Due to their economic growth and technological innovation in 1880 the New York City and Chicago introduced a new building typology: the skyscraper. In Manhattan the fast and multiplied constructions of high rise buildings lead to a problem of congestion in a short period of time. The first visionary scenarios to solve the problem of congestion came from Hugh Ferris and Harvey Wiley Corbett. In the early 1920s, they envisioned Manhattan with a secondary elevated layer of pedestrian space. The street level below, should be used only for vehicular transport.1
Winnie Hu states in August 2016 in The New York Times article “New York’s sidewalks are so packed, pedestrians are taking to the streets”2. It has been stated that Manhattan has a growing pedestrian congestion problem and the streets are at certain times too crowded to be used. New York City is a walkable city, where the streets play an important role to the quality of the public space.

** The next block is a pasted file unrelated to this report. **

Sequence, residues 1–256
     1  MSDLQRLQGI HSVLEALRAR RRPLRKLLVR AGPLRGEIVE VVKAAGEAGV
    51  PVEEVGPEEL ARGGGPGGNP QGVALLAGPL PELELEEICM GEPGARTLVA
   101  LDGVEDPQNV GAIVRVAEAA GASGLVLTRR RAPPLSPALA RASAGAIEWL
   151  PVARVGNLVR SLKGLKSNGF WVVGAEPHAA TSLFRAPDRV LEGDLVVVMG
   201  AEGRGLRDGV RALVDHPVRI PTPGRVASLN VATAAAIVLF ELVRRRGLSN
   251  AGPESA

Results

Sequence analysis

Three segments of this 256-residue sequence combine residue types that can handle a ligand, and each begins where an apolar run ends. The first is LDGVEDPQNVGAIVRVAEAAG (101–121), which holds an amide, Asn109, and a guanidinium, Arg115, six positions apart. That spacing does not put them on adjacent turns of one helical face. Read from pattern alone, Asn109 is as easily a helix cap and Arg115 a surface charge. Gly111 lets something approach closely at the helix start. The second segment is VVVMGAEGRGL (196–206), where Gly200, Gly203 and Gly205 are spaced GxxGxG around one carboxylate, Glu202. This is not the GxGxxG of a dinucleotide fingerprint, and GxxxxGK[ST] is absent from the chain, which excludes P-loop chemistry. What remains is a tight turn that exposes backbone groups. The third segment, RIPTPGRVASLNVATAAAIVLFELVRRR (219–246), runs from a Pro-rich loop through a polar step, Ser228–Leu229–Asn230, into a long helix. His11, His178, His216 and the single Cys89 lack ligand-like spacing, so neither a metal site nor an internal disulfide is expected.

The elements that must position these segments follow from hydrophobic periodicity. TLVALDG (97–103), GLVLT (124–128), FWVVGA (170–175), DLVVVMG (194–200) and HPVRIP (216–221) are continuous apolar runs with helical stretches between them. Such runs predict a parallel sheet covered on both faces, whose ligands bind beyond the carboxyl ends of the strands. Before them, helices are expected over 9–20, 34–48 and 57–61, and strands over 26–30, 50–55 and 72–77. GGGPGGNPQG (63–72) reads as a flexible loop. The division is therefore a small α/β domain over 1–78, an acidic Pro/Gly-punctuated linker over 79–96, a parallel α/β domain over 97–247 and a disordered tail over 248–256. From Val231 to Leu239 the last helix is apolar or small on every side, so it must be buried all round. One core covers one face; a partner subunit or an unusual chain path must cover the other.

Harvey Wiley Corbett proposals were aiming to solve the congestion problem with which Manhattan still struggles today. Nevertheless, since 1923 there has been only one project built that relates to their vision: The High Line by James Corner Field Operations and Diller Scofidio + Renfro.
With the goal to find a possible solution to ease the congestion in Manhattan, this thesis explores the possibilities to enlarge the public space in Midtown Manhattan. It also seeks to understand how Manhattan is similar or different from Corbett vision today.